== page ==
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Before I Blame Myself And Feel Guilty

Guilt is a common post-traumatic reaction and is often the result of cognitive bias. This CBT worksheet explores common cognitive biases that have been associated with post-traumatic guilt.

Exercise

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Description

Survivors of trauma often feel inappropriate guilt or shame about things they did or did not do. The psychologist Edward Kubany and colleagues have noted that survivors of trauma often distort their roles in their trauma in characteristic ways, with the result that they feel inappropriate guilt. They identify four kinds of distortion:

  • Exaggerating the degree to which they were responsible for causing trauma-related outcomes
  • Believing that their actions were less justified than an unbiased observer would believe to be the case
  • Concluding that they were guilty of wrongdoing even if their actions were consistent with their values
  • Concluding that they ‘knew’ an event would happen before it was possible to ‘know’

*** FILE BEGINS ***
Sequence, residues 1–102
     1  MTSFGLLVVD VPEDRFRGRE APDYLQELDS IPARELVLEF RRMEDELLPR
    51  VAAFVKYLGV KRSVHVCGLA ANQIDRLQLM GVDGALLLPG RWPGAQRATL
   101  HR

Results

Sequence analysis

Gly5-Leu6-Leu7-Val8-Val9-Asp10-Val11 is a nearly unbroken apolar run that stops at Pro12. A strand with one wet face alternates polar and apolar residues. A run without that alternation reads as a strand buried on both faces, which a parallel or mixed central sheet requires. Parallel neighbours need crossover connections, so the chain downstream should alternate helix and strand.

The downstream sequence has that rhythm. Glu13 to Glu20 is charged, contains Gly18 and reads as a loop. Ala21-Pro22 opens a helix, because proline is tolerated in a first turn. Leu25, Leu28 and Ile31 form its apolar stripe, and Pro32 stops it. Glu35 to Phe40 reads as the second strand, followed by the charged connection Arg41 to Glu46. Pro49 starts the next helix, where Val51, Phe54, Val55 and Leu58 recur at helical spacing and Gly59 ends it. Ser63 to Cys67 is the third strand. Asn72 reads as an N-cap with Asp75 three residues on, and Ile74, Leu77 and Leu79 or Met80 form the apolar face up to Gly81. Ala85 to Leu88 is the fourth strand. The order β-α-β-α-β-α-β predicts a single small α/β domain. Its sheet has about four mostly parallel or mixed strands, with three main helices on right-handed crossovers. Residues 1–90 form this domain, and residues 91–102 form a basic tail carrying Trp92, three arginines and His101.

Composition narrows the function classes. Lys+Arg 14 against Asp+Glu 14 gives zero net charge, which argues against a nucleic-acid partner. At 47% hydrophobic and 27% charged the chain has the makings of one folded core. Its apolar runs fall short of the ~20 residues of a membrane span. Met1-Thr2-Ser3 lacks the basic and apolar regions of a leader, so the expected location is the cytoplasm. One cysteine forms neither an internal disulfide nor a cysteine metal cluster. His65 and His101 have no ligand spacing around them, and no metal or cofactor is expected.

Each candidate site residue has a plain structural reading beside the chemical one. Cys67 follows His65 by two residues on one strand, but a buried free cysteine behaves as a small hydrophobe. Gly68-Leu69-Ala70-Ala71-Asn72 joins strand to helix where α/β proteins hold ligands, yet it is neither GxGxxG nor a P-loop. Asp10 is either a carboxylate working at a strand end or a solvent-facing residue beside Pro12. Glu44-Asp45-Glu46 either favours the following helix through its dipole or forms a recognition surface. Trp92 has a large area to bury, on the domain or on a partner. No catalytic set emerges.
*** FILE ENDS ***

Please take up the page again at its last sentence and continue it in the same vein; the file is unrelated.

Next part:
Before I Blame Myself And Feel Guilty is a checklist detailing the cognitive distortions which result in post-traumatic guilt. It can be used to identify troublesome cognitions help by traumatized clients, or to guide a conversation around post-traumatic guilt.

Instructions

Before I Blame Myself And Feel Guilty is a checklist detailing the cognitive distortions which result in post-traumatic guilt. It can be used to identify troublesome cognitions help by traumatized clients, or to guide a conversation around post-traumatic guilt.

References

  • Kubany, E. S., & Manke, F. P. (1995). Cognitive therapy for trauma-related guilt: Conceptual bases and treatment outlines. Cognitive and Behavioral Practice, 2, 23-61.
  • Kubany, E. S., & Ralston, T. C. (1998). Cognitive therapy for trauma-related guilt. Cognitive-behavioral therapies for trauma, 124-161.
  • Kubany, E. S., & Ralston, T. (2008). Treating PTSD in battered women: A step-by-step manual for therapists and counselors. New Harbinger Publications.